Q. This is the course that you were playing where you were probably blatantly told that you needed to get in better shape.

DARREN CLARKE: Do you think I listened then? No.

Q. Obviously it's a wet course, it's going to be a wet course the whole week. If you go all the way through like you did then, how much better are you to be able to handle that from a physical standpoint now than you were when you won?

DARREN CLARKE: Oh, it would be a huge difference. It would be a huge difference. But it wasn't this tournament that -- not being in shape didn't get to me here, it was at Augusta after the first round. If I was to go all the way this week, then certainly I think I'd be in a lot better shape to do that.

Q. What do you view as the biggest difference in being a good stroke-play player and a good match-play player?

DARREN CLARKE: Stupidity, I was going to say, really, but I don't think that will go down well. Probably knowing when to be aggressive and when not to be. It's very easy getting caught up in playing your opponent and not the golf course. Sometimes you can pay too much attention to what your opponent is doing, sometimes you have to, but it's just get the bounce right, and fairways and greens are always going to be tough in match play.

Q. How much is it a mental attitude, too? You beat Tiger here, and I remember Butch talking afterward saying you scared it right into him and said, I'm going to play you straight up. How much of it is mental?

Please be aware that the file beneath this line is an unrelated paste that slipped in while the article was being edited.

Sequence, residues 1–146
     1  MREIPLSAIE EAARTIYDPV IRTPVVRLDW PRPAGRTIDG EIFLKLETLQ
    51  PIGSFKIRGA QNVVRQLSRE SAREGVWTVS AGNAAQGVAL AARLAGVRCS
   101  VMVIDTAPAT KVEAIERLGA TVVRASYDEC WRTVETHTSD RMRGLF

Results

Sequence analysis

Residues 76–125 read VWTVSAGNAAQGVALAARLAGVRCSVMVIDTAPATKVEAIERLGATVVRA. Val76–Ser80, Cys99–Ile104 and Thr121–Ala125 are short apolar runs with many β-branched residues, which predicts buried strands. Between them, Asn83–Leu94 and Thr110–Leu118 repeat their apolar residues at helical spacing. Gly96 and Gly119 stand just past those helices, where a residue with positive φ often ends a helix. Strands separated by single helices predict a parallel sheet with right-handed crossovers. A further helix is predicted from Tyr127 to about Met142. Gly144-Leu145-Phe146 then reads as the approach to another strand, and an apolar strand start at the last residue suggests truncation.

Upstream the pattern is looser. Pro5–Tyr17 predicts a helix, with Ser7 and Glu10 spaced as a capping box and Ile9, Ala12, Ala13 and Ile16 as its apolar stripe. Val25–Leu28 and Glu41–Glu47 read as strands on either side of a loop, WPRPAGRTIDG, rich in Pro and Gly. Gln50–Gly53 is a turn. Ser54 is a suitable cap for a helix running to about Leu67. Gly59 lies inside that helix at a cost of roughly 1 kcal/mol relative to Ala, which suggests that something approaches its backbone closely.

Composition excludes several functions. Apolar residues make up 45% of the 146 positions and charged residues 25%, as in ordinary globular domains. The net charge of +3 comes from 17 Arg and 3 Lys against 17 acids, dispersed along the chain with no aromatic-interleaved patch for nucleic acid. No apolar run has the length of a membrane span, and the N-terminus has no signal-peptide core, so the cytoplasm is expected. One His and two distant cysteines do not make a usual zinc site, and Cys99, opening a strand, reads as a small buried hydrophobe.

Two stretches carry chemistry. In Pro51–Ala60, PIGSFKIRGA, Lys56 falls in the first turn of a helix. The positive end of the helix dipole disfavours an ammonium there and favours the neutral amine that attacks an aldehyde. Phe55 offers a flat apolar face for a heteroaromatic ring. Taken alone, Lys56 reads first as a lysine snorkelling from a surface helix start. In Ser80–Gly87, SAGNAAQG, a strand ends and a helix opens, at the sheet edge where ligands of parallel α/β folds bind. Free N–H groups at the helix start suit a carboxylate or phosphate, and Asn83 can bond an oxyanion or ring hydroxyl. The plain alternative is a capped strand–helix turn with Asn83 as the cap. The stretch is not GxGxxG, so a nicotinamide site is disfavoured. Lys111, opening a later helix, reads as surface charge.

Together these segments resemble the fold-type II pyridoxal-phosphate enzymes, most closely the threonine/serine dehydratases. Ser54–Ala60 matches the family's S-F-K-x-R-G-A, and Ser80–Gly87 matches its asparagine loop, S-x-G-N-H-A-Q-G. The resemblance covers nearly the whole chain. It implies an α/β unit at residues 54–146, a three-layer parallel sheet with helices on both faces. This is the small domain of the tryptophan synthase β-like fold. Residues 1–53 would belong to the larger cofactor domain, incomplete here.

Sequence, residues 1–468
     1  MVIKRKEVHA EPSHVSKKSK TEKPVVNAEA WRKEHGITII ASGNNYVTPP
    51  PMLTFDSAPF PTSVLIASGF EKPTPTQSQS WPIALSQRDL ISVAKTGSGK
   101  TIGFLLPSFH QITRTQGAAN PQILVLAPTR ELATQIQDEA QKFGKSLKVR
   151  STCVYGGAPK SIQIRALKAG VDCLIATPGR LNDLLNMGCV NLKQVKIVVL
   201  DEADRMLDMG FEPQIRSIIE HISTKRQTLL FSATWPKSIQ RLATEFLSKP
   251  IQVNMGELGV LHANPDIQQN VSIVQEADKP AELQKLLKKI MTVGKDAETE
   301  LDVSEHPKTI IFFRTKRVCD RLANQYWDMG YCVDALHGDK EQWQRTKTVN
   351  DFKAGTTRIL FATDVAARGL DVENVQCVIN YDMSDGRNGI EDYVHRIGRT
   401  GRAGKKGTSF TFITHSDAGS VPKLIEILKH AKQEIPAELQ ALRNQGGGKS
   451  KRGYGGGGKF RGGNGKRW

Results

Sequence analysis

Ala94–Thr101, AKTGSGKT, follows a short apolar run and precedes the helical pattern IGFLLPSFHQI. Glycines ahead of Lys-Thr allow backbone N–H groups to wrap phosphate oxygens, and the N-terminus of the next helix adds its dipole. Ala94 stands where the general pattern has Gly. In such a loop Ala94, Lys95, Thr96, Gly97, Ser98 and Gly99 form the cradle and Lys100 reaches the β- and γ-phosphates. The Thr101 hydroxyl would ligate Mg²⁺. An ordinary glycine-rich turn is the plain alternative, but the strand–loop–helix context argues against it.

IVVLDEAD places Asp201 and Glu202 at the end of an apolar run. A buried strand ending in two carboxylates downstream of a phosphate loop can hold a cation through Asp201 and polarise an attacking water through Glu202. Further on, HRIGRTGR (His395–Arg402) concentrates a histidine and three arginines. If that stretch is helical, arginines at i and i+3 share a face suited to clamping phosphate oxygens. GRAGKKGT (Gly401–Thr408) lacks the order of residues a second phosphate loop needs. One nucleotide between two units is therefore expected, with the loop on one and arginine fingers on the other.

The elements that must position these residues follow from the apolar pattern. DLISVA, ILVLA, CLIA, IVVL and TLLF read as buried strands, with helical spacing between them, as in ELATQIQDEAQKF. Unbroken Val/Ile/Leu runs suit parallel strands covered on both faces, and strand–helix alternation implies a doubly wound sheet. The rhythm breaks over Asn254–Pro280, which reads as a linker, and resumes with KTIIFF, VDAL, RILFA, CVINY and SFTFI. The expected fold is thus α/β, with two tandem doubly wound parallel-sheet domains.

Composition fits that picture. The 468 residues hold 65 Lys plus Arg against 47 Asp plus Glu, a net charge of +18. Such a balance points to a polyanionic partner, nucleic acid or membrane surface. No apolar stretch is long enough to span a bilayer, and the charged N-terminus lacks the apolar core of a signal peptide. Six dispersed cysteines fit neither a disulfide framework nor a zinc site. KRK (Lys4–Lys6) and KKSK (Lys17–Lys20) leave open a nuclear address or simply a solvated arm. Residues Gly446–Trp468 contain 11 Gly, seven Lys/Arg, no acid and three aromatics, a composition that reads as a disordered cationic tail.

DARREN CLARKE: Huge mental game. It's huge in match play. You've got to stand up and be counted. Your opponent is going to hit shots and you have to stand up and do it after him. There's a lot of mental side to it. At the end of the day you've still got to play very well.

Q. Can you explain to me the reasons why Butch is good for you? What makes him a good coach for you?

DARREN CLARKE: I think Butch is very good for me because we've got a similar type personality. We enjoy ourselves. He says what he needs to say to me and then let's me get on with things. He gives me a bit of grief whenever he thinks I need a bit of grief. He basically is just very interested in how I'm going to play. He speaks to me on a very regular basis after watching me play. If I'm not over here, then watching on the golf channel. He'll be watching in Vegas and give me a call and say, you're doing this and that, and we just get on very well.

Q. Is he good at imparting to you exactly what he wants you to do?

DARREN CLARKE: He's very good at imparting it to me in a very simplified manner, as much as my brain can cope with.

Q. He doesn't come along like David Leadbetter used to do, with all sorts of devices and balls and things like that?

DARREN CLARKE: No, I'd throw him out if he did.

Q. He stands there and says, do this, do that?

DARREN CLARKE: Yes, and in Vegas everything is on the facility there. Week in, week out, it's really very simple.

Q. As you answered that question, how do you explain the mess-up between you and Butch just recently on that --

DARREN CLARKE: Just my misunderstanding. What he told me to do was the right thing to do, but I ended up doing something else. I was doing it with him in Vegas, but then he wasn't with me when I played Torrey Pines.

Q. So you just need him next to you all the time?

DARREN CLARKE: No, not at all, which is my misunderstanding, that's all.

Q. Do you have to have that kind of joking relationship that you and he have? Have you had coaches in the past who have not been quite so friendly?

DARREN CLARKE: No, I tend to get on with everybody, but Butch is probably a little bit more friendly, more jokes with Butch than anybody else.

Q. Does that help in terms of not making it boring on the range and just hitting balls?

DARREN CLARKE: Yes, exactly.

Q. What would you call him? We know what he says about you. What can you tell us?

DARREN CLARKE: What do I call him? Many things, some of them polite, some not so polite.

Q. Is there a polite one you can tell us?